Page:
Understanding the United States' incarceration rate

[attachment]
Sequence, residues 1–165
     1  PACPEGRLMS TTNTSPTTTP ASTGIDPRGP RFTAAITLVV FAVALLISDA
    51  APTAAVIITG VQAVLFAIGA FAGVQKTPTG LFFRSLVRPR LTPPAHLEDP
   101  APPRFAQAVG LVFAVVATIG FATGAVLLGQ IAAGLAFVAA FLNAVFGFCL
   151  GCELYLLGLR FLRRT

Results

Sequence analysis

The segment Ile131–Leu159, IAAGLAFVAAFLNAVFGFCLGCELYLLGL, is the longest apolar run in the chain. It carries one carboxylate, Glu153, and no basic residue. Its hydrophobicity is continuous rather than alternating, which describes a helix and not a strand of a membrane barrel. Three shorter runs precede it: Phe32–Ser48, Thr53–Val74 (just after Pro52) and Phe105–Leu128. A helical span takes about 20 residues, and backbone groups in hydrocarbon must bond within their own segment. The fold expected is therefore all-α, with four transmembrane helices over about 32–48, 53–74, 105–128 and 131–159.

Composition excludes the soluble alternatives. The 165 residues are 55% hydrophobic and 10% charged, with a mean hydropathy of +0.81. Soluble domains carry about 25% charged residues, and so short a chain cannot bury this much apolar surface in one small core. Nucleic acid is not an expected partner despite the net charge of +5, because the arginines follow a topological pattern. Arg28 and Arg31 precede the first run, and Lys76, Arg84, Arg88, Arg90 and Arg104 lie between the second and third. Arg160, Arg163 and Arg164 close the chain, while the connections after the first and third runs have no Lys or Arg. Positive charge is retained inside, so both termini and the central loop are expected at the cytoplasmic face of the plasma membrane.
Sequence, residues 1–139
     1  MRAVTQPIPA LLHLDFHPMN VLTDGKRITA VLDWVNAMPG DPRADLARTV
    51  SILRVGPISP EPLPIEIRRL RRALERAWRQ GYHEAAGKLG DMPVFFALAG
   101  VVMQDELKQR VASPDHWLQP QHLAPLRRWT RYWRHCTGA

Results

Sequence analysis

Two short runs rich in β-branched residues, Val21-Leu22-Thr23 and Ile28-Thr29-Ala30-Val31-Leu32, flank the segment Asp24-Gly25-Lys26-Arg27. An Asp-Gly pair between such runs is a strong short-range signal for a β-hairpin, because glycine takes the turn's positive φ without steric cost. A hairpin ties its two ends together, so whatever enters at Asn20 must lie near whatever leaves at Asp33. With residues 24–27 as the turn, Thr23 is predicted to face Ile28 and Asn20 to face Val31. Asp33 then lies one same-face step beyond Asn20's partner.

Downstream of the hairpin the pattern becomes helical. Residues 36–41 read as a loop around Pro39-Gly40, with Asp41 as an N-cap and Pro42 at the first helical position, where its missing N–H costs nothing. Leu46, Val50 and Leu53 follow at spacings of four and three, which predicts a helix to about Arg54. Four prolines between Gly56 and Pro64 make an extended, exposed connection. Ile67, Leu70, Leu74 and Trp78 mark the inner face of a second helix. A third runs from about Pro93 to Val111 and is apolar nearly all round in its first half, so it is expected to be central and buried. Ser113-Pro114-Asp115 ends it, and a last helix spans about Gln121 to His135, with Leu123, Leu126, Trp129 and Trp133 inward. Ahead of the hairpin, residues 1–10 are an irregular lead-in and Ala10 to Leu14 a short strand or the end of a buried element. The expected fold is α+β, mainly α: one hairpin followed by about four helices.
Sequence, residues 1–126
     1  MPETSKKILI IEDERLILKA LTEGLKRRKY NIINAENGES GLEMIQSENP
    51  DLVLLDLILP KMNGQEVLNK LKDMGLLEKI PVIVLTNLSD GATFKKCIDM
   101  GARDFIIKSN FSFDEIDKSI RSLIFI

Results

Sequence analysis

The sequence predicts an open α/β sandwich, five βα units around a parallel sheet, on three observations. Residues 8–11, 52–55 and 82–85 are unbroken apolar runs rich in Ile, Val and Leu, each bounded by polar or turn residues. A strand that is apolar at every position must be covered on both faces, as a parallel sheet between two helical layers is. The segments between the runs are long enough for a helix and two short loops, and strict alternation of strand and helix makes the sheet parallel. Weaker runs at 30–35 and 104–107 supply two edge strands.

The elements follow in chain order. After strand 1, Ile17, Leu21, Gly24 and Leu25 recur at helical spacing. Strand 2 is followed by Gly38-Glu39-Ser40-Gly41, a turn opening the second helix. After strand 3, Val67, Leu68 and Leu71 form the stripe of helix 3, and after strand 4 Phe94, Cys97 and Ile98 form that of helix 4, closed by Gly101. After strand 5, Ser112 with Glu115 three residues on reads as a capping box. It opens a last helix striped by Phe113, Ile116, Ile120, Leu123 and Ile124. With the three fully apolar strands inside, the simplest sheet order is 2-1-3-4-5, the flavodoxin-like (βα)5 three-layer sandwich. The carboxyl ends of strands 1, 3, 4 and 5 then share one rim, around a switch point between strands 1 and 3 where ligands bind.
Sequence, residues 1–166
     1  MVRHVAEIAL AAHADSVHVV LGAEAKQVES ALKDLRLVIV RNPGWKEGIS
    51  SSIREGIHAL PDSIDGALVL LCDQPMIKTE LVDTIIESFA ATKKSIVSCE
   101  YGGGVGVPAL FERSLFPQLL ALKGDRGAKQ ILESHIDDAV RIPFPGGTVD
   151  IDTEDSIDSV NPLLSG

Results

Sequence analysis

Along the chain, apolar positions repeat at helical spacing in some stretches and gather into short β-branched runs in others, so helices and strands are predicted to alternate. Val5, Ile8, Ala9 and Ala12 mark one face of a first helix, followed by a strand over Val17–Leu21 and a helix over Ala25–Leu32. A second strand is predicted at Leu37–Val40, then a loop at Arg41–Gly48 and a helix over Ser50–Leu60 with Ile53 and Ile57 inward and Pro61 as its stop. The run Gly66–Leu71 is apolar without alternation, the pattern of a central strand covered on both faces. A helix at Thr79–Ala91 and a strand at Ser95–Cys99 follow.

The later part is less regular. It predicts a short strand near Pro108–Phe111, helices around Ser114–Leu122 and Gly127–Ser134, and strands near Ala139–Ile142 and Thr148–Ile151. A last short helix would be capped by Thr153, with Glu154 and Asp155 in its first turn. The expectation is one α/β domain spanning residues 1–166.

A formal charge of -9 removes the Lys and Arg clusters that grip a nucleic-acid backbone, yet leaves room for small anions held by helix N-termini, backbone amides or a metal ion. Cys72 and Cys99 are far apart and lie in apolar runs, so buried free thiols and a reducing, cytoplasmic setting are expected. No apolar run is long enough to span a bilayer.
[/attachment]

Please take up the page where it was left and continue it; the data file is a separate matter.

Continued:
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Description: The key question is: what has caused prison sentences in the U.S. in the last four decades to become - in the words of criminologist Michael Tonry - "far harsher than in any country to which the United States would ordinarily be compared"?6 The standard response is to blame politicians. [...]the Economist, after noting that the U.S. incarceration rate has quadrupled since 1970, explains that since then, ... the voters, alarmed at a surge in violent crime, have demanded fiercer sentences. On the contrary, they tend to get harder.7 Certainly, horrifying crimes have often led the public to demand tougher sentencing laws. [...]the killing of Jenna Grieshaber in New York by a parolee led to the passage of "Jenna's law," which requires that those convicted of violent offenses serve 85 percent of their maximum sentence before becoming eligible for parole.8 "Jessica's law," increased sentences for sex offenses in Florida (and inspired similar legislation in many other states) after a nine-year old was abducted, raped and killed in that state.9 Finally, the horrific murder of Polly Klaas, a twelveyear old dragged at knifepoint from a slumber party at her mother's home, paved the way in California for the passage of the so-called "three strikes" law in that state which mandated a life sentence upon a third conviction.10 But the Economist's explanation is ultimately incomplete.
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